Green Investment Bank sold to Macquarie in £2.3bn deal

The UK Government has completed the sale of the Green Investment Bank (GIB) to Australian investment bank Macquarie today (20 April) for a sum of £2.3bn.

The privatisation of the Green Investment Bank has faced a wave of opposition from green campaigners and senior officials in Westminster

The privatisation of the Green Investment Bank has faced a wave of opposition from green campaigners and senior officials in Westminster

The deal will see Macquaire pay £1.7bn with a further £600m supplied by UK-based pension fund Universities Superannuation Scheme. The Government will retain a £130m stake in GIB assets which it will keep until a stronger return can be made for the UK taxpayer.

The GIB will look to invest at least £3bn of new investment into the green economy over the next three years under Macquarie’s ownership.

Climate Minister Nick Hurd this morning confirmed the deal after months of delays caused by heavy criticism from politicians and environmental campaigners. Long-standing concerns that Macquarie could asset-strip the GIB were rejected by Hurd, who claimed that the deal will maintain the institution’s green mission and offer the best deal for the public purse.

In response to the announcement, GIB independent chair Lord Smith of Kelvin said the sale was the "best available route" to securing the long-term future of the business and its growing green impact.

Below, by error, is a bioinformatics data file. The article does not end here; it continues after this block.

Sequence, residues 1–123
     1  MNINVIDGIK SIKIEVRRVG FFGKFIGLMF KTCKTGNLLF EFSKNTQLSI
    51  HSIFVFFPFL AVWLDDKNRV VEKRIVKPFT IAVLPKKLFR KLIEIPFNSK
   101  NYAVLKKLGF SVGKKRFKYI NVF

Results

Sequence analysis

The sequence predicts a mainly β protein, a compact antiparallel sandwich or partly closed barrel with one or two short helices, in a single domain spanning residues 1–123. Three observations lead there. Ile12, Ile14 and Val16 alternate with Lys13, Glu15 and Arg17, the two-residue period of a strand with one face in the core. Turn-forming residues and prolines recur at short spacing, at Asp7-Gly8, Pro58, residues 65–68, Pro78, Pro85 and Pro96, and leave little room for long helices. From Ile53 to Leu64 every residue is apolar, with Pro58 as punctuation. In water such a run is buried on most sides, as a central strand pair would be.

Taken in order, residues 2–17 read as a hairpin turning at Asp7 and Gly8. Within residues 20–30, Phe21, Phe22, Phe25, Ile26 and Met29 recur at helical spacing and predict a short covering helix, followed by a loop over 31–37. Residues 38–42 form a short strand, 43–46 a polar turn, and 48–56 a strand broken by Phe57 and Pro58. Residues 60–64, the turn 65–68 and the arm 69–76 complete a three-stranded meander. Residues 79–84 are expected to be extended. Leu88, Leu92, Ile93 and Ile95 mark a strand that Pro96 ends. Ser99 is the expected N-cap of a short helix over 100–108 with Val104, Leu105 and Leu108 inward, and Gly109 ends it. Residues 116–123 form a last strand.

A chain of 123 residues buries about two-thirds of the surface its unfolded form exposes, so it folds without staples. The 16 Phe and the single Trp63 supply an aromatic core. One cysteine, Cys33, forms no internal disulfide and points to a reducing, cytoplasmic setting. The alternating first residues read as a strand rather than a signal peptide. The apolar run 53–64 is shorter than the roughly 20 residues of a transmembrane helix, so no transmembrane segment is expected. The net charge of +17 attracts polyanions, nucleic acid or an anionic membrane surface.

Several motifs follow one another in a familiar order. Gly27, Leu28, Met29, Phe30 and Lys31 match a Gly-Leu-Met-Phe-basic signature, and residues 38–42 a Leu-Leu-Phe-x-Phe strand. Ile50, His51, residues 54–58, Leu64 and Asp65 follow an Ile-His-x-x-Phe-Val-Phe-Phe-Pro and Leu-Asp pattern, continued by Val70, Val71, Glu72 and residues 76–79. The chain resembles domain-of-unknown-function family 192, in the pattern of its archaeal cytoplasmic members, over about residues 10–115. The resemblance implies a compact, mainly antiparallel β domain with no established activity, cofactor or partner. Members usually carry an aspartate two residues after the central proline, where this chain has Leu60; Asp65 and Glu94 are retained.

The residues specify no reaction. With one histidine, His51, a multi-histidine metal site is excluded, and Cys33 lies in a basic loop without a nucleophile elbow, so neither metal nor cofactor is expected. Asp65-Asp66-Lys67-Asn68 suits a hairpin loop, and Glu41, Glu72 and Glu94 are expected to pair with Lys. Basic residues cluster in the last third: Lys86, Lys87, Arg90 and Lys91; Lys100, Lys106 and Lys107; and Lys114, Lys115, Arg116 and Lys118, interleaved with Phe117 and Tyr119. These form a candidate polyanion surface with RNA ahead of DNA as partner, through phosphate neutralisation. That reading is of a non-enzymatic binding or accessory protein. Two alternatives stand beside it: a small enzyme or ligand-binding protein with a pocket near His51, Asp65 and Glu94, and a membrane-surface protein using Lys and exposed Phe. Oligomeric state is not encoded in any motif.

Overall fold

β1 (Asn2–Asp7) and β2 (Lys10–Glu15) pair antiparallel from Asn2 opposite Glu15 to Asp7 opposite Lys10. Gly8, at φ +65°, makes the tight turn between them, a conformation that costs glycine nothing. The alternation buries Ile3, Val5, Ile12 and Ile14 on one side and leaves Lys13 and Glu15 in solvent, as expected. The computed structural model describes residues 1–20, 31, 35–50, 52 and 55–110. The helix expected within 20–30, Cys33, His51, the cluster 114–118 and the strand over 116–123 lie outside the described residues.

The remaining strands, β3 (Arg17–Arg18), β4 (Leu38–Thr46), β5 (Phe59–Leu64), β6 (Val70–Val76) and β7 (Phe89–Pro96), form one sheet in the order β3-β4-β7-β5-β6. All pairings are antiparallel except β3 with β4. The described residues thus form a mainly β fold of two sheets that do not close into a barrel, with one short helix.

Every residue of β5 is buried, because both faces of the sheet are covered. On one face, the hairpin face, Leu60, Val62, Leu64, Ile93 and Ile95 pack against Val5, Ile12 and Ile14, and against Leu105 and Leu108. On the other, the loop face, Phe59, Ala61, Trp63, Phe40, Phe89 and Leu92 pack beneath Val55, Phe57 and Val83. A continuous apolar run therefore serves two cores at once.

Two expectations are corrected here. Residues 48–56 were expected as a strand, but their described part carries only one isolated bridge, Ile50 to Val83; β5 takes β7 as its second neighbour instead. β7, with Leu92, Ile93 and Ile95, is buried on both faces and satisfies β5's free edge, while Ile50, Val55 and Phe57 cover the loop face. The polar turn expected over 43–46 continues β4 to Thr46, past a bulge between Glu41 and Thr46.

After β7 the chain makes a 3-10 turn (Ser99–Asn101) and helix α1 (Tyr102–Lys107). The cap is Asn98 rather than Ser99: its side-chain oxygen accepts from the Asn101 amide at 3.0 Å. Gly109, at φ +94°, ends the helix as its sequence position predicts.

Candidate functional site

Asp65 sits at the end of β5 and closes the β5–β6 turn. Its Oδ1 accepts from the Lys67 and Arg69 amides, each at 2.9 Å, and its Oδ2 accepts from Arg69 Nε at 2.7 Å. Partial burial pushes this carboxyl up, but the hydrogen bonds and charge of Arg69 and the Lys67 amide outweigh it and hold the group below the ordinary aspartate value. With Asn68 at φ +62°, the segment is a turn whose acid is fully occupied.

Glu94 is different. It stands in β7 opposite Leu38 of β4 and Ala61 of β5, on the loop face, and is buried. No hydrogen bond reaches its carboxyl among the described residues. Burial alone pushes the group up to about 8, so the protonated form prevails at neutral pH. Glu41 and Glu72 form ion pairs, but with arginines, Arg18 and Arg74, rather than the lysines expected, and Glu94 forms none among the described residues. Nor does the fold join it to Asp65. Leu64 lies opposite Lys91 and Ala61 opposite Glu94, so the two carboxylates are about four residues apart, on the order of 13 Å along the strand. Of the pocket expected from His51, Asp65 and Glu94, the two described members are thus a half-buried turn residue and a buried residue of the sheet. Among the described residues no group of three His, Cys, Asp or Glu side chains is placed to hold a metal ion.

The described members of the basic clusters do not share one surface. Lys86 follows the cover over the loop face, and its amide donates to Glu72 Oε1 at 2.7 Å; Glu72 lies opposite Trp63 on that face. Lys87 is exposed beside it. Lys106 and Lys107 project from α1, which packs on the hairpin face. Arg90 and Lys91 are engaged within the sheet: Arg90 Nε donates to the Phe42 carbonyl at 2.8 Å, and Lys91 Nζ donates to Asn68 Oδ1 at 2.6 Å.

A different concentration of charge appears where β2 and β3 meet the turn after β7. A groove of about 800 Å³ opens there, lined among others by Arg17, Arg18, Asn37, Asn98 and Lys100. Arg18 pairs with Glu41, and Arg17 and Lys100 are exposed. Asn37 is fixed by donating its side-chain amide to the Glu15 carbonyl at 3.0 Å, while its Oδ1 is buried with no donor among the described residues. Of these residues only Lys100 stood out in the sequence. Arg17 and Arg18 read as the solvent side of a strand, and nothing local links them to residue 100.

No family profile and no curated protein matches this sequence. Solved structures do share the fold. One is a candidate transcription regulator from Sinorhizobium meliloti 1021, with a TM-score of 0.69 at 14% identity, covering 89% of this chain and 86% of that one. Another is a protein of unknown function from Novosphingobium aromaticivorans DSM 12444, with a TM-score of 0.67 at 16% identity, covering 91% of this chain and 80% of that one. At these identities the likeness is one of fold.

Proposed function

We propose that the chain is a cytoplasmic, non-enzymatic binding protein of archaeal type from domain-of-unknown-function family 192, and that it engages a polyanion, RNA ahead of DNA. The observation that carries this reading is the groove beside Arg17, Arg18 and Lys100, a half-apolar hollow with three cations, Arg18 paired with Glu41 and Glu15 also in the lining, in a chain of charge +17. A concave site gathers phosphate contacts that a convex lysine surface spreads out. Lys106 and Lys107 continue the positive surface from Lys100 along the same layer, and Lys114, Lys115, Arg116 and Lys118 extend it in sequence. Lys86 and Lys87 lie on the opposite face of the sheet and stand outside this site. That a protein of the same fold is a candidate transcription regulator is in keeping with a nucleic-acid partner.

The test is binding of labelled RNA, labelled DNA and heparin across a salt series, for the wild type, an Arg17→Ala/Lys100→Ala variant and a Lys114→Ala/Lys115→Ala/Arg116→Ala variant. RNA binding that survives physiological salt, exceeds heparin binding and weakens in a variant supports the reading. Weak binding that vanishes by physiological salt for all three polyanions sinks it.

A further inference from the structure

“Macquarie has made significant and important commitments to the UK Government to maintain GIB as a discrete entity within its business, maintaining GIB’s investment focus and approach with a target to invest more capital each year than GIB has historically," Lord Smith said. "Macquarie will also uphold GIB’s green investment principles and report transparently on GIB’s green impact. Macquarie will utilise the market-leading expertise of the existing GIB team and will build on GIB’s deep commitment to Edinburgh.

“On the basis of these commitments, we believe Macquarie can be a good owner of GIB and we support the Government’s decision to sell GIB to Macquarie. We look forward to seeing these commitments from Macquarie delivered, in full, in the months and years ahead.

Green groups have been quick to reiterate the importance for the GIB to continue its original aim of delivering low-carbon finance.

WWF chief adviser on economics and development Karen Ellis said: “Now that the sale of the GIB has been confirmed, Macquarie must guarantee that the green mission of the bank is protected and maintained and that it will provide substantial new capital for green investments.

“Numerous market failures are constraining the availability of finance for green investment, so to ensure the GIB continues to deliver on its mandate, it should invest in novel green projects, which are less likely to be funded privately; it needs to focus on crowding in additional finance by reducing the barriers to investment. Green growth has the ability to power our economy, create more jobs and dramatically reduce emissions, and we should not miss out on the opportunities it offers.”